Although quadcopter drones show promise as a means of exploring hazardous environments such as disaster sites, they do have one drawback – they're wide, limiting their ability to squeeze through tight spaces. An experimental new drone addresses that problem, by folding into different shapes while in flight.
The one-of-a-kind quadcopter was developed via a collaboration between the University of Zurich and Swiss research group EPFL.
In regular flight, its four propeller arms sit in the traditional X-shaped configuration (when viewed from above). Once it's time to go through a narrow vertical opening, however, the two front arms fold forward while the two rear ones fold back, making the aircraft considerably narrower. And the fun doesn't stop there.
If the drone needs to hover up or down through a horizontal opening, all of its arms can fold over to one side, minimizing its circumference (see photo below). It can also fold its front arms straight out to the sides, allowing its front-mounted camera to get closer to items that the operator wishes to inspect. Those two front arms can likewise fold forward and inward, clasping objects that the drone then carries through the air.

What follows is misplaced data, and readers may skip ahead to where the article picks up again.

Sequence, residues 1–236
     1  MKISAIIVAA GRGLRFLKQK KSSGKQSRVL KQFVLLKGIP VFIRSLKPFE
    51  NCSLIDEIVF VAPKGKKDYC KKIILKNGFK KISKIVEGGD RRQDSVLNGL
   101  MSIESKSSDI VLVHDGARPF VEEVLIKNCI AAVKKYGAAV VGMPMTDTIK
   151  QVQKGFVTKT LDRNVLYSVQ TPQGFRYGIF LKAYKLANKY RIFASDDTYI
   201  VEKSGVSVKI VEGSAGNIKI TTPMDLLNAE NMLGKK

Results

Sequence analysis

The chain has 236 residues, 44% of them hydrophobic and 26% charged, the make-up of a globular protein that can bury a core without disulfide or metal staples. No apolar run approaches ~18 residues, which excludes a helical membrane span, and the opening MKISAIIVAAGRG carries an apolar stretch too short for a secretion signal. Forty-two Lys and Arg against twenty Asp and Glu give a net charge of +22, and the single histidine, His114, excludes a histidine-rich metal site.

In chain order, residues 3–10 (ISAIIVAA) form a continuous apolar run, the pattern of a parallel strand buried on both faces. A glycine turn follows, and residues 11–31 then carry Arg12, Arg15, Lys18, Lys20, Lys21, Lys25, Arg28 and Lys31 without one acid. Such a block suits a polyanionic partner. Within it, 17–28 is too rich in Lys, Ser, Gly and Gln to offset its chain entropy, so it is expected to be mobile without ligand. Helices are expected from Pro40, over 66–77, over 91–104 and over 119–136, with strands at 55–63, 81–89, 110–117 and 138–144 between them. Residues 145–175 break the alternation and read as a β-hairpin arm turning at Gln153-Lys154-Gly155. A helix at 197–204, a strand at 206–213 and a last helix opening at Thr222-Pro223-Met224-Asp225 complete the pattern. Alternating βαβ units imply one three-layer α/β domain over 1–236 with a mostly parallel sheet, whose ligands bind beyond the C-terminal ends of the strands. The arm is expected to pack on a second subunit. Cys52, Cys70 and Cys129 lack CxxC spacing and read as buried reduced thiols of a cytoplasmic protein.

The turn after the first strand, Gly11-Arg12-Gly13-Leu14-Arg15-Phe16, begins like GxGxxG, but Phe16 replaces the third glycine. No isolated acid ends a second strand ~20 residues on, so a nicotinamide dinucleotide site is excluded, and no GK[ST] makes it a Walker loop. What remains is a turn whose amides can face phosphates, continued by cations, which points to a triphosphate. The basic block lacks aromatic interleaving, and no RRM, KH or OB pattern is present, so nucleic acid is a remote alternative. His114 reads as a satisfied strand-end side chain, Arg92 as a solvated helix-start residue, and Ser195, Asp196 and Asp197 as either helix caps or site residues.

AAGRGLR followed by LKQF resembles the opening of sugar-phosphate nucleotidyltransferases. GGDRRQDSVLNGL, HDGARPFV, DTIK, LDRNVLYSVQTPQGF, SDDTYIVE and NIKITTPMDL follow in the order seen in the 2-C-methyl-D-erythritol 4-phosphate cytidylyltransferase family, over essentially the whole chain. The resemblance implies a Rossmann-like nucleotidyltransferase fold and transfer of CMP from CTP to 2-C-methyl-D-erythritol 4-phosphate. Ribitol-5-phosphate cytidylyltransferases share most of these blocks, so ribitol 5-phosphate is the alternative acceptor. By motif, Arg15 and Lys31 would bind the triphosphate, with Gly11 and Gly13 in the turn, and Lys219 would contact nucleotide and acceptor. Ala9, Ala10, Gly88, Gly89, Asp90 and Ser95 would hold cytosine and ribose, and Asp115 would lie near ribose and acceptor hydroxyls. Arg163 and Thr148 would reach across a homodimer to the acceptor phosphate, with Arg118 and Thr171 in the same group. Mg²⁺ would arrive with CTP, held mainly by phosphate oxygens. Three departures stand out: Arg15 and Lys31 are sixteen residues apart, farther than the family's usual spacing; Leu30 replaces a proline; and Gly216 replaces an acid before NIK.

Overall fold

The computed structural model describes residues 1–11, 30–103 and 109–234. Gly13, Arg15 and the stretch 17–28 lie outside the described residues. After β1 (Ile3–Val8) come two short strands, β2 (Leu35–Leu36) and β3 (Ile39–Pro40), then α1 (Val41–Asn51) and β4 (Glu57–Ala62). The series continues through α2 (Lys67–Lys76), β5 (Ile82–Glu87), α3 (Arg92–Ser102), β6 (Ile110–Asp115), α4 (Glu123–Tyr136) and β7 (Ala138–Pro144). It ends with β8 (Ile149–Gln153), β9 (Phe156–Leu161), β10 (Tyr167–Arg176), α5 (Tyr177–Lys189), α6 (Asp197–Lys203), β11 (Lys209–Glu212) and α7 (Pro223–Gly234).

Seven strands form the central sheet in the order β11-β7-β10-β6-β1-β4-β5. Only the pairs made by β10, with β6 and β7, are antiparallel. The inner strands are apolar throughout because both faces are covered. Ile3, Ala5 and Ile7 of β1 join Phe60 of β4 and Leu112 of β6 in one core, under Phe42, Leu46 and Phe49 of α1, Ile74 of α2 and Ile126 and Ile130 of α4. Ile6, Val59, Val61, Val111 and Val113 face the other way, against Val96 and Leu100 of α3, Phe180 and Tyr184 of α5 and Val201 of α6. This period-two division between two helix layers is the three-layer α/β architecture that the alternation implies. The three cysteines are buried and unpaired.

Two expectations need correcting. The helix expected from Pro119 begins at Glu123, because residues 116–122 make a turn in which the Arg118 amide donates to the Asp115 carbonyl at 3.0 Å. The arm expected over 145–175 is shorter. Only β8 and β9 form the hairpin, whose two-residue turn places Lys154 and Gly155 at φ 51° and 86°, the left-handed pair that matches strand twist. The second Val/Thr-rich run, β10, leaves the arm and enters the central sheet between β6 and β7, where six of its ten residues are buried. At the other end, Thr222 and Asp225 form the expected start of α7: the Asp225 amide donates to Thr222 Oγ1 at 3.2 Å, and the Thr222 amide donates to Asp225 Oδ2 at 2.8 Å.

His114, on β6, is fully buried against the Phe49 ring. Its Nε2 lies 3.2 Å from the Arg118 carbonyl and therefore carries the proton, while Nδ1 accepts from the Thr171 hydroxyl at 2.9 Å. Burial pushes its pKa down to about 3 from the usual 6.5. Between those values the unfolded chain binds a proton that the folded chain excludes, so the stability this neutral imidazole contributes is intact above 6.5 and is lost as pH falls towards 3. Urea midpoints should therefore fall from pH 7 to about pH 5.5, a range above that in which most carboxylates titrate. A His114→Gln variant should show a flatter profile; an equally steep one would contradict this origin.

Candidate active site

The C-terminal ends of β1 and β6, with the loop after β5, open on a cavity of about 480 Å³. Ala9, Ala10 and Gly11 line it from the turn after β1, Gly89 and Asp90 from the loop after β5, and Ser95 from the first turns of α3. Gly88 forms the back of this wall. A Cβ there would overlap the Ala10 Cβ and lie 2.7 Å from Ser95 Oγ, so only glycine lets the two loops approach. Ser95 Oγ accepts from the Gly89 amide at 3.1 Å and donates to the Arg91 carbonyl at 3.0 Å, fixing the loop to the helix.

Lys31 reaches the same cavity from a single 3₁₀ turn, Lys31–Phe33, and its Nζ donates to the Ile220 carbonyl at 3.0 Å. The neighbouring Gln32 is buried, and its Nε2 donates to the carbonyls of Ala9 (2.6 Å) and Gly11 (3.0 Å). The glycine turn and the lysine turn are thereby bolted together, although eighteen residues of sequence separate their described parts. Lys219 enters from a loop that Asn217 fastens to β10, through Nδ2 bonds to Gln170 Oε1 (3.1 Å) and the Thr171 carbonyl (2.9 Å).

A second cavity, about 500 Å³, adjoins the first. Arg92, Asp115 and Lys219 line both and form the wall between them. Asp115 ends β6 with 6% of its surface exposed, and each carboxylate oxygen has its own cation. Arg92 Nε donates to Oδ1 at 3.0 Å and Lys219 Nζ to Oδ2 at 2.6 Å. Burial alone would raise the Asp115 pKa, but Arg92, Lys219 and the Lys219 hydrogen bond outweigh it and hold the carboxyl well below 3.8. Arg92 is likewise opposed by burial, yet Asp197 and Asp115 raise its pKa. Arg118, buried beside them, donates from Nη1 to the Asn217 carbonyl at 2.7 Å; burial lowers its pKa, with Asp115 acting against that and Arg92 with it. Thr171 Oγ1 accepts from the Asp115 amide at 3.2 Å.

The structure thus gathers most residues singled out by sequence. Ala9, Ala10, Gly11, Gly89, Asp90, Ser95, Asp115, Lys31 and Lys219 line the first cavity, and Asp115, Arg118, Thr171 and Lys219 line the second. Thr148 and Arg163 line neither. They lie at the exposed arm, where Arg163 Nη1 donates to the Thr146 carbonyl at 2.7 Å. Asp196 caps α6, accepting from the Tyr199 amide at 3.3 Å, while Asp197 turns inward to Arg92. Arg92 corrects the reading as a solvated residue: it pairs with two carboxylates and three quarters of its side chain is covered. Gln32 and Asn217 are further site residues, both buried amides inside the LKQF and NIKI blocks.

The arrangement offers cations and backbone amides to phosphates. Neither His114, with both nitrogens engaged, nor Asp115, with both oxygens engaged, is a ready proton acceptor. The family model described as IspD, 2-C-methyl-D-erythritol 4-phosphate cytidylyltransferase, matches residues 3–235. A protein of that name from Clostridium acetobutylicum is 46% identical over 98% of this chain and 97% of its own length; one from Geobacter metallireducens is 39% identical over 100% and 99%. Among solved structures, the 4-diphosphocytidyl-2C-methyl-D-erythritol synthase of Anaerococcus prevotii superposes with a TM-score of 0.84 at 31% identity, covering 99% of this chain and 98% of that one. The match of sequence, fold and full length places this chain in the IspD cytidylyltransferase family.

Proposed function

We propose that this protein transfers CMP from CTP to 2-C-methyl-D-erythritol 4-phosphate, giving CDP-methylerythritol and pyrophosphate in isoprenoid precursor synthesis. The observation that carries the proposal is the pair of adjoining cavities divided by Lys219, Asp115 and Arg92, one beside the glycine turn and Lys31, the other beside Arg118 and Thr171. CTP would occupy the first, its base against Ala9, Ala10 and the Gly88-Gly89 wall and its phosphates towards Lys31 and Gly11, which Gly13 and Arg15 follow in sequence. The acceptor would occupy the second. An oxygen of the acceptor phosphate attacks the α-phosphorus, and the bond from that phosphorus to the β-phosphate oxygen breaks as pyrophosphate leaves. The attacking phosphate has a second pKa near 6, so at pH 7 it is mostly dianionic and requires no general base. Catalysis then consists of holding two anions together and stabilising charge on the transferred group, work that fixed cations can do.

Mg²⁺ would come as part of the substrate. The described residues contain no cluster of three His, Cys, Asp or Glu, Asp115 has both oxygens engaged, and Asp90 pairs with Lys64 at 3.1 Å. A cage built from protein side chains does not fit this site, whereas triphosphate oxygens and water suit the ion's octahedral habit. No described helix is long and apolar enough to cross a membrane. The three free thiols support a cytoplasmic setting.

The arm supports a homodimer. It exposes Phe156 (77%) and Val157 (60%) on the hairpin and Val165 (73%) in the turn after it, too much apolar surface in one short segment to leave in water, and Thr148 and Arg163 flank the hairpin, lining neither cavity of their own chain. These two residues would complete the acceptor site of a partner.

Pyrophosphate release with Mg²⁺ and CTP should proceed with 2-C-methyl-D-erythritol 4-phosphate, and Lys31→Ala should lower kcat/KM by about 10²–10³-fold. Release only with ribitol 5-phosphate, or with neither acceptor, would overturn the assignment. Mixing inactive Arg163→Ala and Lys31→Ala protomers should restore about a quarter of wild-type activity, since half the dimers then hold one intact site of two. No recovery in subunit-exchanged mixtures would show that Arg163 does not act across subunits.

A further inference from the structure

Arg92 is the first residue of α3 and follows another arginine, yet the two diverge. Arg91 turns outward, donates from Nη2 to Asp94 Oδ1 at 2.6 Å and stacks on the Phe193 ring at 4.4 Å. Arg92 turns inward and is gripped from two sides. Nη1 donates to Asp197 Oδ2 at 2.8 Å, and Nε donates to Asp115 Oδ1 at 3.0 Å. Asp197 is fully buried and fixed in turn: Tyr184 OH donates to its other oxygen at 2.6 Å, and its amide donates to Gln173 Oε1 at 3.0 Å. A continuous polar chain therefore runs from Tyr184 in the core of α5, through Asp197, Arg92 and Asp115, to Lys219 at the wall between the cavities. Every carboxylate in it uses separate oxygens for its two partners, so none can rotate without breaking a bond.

All four arms are independently moved by individual servo motors, which are in turn remotely-controlled through an onboard microprocessor. Additionally, the thrust of each propeller is automatically adjusted to compensate for the different configurations, allowing the quadcopter to maintain stable flight.
The researchers who developed the prototype are now hoping to make the drone even more autonomous. Among other things, this would allow it to perform inspections of dangerous sites such as collapsed buildings, automatically changing its shape to fit through tight passages as needed, then finding its way back out when done. There are also plans to allow its arms to move vertically, making more flight configurations possible.
This isn't the first time we've seen a quadcopter that's able to get narrow. Earlier this year, France's Étienne Jules Marey Institute of Movement Sciences unveiled its Quad-Morphing drone, which can halve its wingspan by aligning all four of its propellers in a row.
The U Zurich/EPFL drone can be seen in action, in the video below. A paper on the research was recently published in the journal IEEE Robotics and Automation Letters.
Source: University of Zurich
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